# Are there good examples of martingale processes that are not simple random walks?

Are there non-trivial examples of martingale processes that aren't simple random walks?

I'm trying to better understand the difference between martingales and simple random walks. They look pretty much the same - I've seen people make subtle distinctions between abstract definitions of the two processes, but I'm having some difficulty grasping the difference when presented this way.

While accounts in fair betting/gambling are often cited as examples of martingales, they too appear to be types of simple random walks. Or perhaps someone can help me understand why these examples are definitely not simple random walks. And are there really illuminating examples which might illustrate the difference between these processes? Thanks.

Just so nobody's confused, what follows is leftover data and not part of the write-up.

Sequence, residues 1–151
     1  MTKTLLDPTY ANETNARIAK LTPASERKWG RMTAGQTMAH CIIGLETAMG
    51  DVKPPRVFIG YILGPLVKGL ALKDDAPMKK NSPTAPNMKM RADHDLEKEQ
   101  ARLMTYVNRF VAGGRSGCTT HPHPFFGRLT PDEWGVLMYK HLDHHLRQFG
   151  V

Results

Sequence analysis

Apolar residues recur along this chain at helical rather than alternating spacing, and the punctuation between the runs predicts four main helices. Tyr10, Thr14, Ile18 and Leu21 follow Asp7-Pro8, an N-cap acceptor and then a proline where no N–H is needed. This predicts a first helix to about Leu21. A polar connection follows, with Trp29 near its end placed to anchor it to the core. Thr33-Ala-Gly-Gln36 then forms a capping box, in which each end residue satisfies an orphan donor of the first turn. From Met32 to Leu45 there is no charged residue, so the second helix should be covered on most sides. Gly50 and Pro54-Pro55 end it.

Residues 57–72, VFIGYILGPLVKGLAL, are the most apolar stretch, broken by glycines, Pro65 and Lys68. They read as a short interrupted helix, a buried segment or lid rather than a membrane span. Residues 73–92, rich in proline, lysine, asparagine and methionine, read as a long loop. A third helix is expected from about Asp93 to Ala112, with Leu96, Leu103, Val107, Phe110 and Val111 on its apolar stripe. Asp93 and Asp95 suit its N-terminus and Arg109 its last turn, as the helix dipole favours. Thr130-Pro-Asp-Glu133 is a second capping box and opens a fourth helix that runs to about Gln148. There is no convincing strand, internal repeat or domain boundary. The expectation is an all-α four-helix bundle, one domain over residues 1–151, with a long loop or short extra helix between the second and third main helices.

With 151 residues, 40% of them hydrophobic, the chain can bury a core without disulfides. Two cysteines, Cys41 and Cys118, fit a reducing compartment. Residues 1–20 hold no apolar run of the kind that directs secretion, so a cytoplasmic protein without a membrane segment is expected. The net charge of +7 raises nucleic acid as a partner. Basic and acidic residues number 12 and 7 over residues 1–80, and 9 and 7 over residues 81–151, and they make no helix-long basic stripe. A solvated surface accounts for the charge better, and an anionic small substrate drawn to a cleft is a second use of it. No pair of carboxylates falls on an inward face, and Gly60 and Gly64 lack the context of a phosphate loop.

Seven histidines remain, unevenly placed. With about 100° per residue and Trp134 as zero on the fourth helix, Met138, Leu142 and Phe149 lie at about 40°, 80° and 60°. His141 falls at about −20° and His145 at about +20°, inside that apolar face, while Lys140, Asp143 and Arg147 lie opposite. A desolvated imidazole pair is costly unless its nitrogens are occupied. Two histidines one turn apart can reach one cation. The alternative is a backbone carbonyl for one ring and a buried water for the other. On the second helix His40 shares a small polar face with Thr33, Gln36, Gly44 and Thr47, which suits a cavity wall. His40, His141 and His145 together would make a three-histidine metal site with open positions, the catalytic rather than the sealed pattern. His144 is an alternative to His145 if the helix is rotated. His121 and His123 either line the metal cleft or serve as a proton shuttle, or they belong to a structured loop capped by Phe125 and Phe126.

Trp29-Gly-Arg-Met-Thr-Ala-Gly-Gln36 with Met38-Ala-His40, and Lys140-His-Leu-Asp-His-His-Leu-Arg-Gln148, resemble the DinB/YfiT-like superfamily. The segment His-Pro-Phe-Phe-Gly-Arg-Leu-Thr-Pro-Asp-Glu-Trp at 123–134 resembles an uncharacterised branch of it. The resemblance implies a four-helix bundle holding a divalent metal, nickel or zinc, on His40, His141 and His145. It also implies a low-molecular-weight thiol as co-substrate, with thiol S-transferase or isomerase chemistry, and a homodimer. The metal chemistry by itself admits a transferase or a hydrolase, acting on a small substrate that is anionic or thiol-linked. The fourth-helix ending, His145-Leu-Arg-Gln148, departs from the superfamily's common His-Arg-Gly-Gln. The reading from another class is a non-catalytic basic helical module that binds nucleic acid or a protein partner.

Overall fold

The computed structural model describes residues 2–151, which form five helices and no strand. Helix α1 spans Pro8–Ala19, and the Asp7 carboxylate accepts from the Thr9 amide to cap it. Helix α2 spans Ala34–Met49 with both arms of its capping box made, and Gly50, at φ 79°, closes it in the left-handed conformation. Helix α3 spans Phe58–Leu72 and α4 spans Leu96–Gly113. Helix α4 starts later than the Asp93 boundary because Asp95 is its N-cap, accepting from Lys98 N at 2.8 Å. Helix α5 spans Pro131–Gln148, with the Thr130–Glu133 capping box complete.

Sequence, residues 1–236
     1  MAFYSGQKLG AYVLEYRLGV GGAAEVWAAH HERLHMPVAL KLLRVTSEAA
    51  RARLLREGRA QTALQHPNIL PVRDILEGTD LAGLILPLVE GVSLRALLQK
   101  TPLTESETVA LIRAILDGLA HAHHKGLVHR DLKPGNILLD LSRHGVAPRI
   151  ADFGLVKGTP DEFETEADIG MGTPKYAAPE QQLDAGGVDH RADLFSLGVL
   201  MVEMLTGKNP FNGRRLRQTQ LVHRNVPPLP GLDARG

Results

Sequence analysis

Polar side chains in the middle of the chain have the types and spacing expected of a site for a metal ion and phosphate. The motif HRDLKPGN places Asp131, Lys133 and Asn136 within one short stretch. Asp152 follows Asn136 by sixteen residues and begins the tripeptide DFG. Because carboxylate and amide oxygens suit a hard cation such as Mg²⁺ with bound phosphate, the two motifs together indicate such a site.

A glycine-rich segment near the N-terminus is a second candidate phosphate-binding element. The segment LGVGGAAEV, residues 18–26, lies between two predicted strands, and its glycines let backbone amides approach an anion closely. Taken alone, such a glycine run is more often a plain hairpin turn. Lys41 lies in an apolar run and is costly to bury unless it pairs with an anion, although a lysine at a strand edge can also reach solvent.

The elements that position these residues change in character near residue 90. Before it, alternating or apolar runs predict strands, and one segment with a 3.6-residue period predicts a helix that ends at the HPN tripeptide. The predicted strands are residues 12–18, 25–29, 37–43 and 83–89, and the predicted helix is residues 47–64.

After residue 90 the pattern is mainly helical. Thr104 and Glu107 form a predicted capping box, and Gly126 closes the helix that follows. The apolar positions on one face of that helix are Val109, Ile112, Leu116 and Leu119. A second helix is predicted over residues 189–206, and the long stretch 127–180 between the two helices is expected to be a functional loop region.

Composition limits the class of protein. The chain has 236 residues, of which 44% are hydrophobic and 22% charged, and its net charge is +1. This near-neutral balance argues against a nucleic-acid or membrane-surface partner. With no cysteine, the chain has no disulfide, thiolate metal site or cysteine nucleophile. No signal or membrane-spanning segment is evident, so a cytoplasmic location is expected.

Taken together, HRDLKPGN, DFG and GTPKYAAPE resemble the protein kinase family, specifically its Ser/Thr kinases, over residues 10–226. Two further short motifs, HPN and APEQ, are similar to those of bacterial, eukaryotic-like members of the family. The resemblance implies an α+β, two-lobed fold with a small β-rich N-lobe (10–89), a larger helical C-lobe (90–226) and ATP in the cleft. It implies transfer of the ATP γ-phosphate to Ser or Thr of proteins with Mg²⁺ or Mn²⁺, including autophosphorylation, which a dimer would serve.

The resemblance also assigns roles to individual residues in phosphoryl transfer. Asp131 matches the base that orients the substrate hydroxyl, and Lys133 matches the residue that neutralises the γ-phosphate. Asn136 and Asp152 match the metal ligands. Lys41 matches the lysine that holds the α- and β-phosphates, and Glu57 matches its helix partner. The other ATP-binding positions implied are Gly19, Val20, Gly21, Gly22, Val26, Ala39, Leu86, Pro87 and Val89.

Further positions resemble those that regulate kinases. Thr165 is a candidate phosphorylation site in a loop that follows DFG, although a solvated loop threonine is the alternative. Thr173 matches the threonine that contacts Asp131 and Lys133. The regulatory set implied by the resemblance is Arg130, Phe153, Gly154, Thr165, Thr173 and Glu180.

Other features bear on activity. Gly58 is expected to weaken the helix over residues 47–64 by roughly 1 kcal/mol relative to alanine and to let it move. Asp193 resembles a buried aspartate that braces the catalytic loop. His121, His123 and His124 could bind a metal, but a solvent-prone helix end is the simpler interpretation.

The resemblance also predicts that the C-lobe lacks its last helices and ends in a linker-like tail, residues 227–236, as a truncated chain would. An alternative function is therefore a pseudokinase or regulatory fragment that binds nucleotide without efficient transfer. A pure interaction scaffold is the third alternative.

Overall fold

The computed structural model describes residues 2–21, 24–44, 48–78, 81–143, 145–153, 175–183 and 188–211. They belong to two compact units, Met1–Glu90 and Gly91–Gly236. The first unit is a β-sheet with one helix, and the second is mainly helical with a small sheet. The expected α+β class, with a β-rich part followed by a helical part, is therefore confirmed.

A GARCH process with constant conditional mean would be an example of a martingale process that is not a random walk*: \begin{aligned} y_t &= \mu+\varepsilon_t, \\ \varepsilon_t &= \sigma_t z_t, \\ \sigma_t^2 &= \omega+\alpha_1\varepsilon_{t-1}^2+\beta_1\sigma_{t-1}^2, \\ z_t &\sim i.i.D(0,1) \end{aligned} where $$D$$ is some distribution with zero mean and unit variance. It does not have memory in the conditional mean, so it is a martingale, but it does have memory in the conditional variance, so it is not a random walk.